Why is a branch called a branch?

  Posted on 26th May 2014 by Loralee Hyde in UFBA News

Why is a branch called a branch?

The answer lies in the story of the Great Fire of London ...

The Great Fire of London in 1666 destroyed over 400 streets and 13,200 houses. The fire gutted the medieval City of London inside the old Roman city wall. It burned for five days.

Basic firefighting equipment included long ladders, leather buckets, axes, and fire hooks. Firebreaks were created by demolishing buildings with gunpowder. The few manual pumps on wheels were pulled by horses or men and could not fit the narrow and congested streets of London during the fire.

Wharf buildings along the river began to burn. Access to water became impossible, which also cut off a significant escape route.

On the fifth day, the wind died down and the Tower of London guards used sufficient gunpowder to make a firebreak large enough to stop the fire before it reached the district of Westminster and Charles II’s Palace of Whitehall.

After the fire and during the re-build, several significant changes took place to ensure a similar disaster never happened again. An ingenious firefighting technique involved hollowing out hundreds of large tree trunks and laying them underground to facilitate a flow of water using a series of water wheels along the Thames. Standpipes (or standing trucks) were sunk into the underground tree-trunk pipes and water was fed to the portable manual pump through smaller branches. Hollowed branches were also used to deliver water from the pump to the fire. And incidentally, the dozen or so men who worked the pumps were paid in beer tokens.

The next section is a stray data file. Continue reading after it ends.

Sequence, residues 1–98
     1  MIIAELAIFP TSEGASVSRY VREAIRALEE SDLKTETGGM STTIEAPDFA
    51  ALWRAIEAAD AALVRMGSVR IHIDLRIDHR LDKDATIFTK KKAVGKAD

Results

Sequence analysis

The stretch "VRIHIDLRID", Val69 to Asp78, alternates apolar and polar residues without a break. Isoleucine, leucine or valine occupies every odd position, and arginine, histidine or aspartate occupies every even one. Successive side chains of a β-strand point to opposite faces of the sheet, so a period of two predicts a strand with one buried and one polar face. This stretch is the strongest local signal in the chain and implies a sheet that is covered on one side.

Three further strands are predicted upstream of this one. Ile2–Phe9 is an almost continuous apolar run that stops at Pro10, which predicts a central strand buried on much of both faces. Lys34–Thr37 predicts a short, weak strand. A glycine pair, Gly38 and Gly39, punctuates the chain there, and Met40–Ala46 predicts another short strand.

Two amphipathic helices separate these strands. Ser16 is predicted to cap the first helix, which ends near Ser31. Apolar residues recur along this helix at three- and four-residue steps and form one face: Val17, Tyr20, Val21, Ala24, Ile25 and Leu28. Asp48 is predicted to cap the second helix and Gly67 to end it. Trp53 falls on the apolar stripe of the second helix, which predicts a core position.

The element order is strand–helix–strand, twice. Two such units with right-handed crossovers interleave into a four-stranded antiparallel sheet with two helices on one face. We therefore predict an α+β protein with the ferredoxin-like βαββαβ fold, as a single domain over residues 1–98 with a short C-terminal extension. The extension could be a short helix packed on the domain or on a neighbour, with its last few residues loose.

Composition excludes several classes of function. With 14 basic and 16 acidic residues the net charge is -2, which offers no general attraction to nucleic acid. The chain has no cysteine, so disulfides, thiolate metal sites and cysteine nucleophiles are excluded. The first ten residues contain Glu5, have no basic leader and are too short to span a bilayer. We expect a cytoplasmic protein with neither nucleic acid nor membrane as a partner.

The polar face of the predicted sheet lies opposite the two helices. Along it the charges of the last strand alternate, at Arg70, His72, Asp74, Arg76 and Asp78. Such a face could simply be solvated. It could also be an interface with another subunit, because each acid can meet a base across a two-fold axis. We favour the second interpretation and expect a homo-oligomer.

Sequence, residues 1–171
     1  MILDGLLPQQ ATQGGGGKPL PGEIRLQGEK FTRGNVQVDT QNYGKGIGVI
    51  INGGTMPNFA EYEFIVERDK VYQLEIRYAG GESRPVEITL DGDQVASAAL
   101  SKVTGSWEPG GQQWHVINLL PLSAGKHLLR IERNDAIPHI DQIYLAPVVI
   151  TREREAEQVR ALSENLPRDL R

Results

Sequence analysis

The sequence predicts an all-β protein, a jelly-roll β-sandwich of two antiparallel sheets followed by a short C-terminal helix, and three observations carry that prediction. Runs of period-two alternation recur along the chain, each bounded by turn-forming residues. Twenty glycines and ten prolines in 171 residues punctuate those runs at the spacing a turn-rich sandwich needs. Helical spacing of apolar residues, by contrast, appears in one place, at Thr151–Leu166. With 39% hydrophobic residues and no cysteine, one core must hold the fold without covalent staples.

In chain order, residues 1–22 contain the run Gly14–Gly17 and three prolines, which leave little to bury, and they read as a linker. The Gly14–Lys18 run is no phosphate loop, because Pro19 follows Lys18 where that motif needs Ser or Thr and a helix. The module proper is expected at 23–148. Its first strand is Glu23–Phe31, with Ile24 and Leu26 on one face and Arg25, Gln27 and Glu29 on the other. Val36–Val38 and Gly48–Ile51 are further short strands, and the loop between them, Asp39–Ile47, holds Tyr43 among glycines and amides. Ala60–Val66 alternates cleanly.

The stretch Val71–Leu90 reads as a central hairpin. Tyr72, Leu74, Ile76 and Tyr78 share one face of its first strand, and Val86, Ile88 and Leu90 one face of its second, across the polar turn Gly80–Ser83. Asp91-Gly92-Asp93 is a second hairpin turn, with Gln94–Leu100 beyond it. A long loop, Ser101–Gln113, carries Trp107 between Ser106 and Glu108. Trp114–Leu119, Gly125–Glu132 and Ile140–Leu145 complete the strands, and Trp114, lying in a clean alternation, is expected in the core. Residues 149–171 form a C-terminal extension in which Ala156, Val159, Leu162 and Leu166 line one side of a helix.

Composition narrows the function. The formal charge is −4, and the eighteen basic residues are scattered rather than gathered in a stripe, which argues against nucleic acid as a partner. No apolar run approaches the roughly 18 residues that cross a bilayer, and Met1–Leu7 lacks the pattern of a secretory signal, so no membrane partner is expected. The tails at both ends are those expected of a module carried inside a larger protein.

And that’s how the main trunkline and branches got their name. It is also the basis of the longstanding relationship between firefighters and the cold malt brew.

Article contributed by Judith Stanley.
PHOTO: Look and Learn

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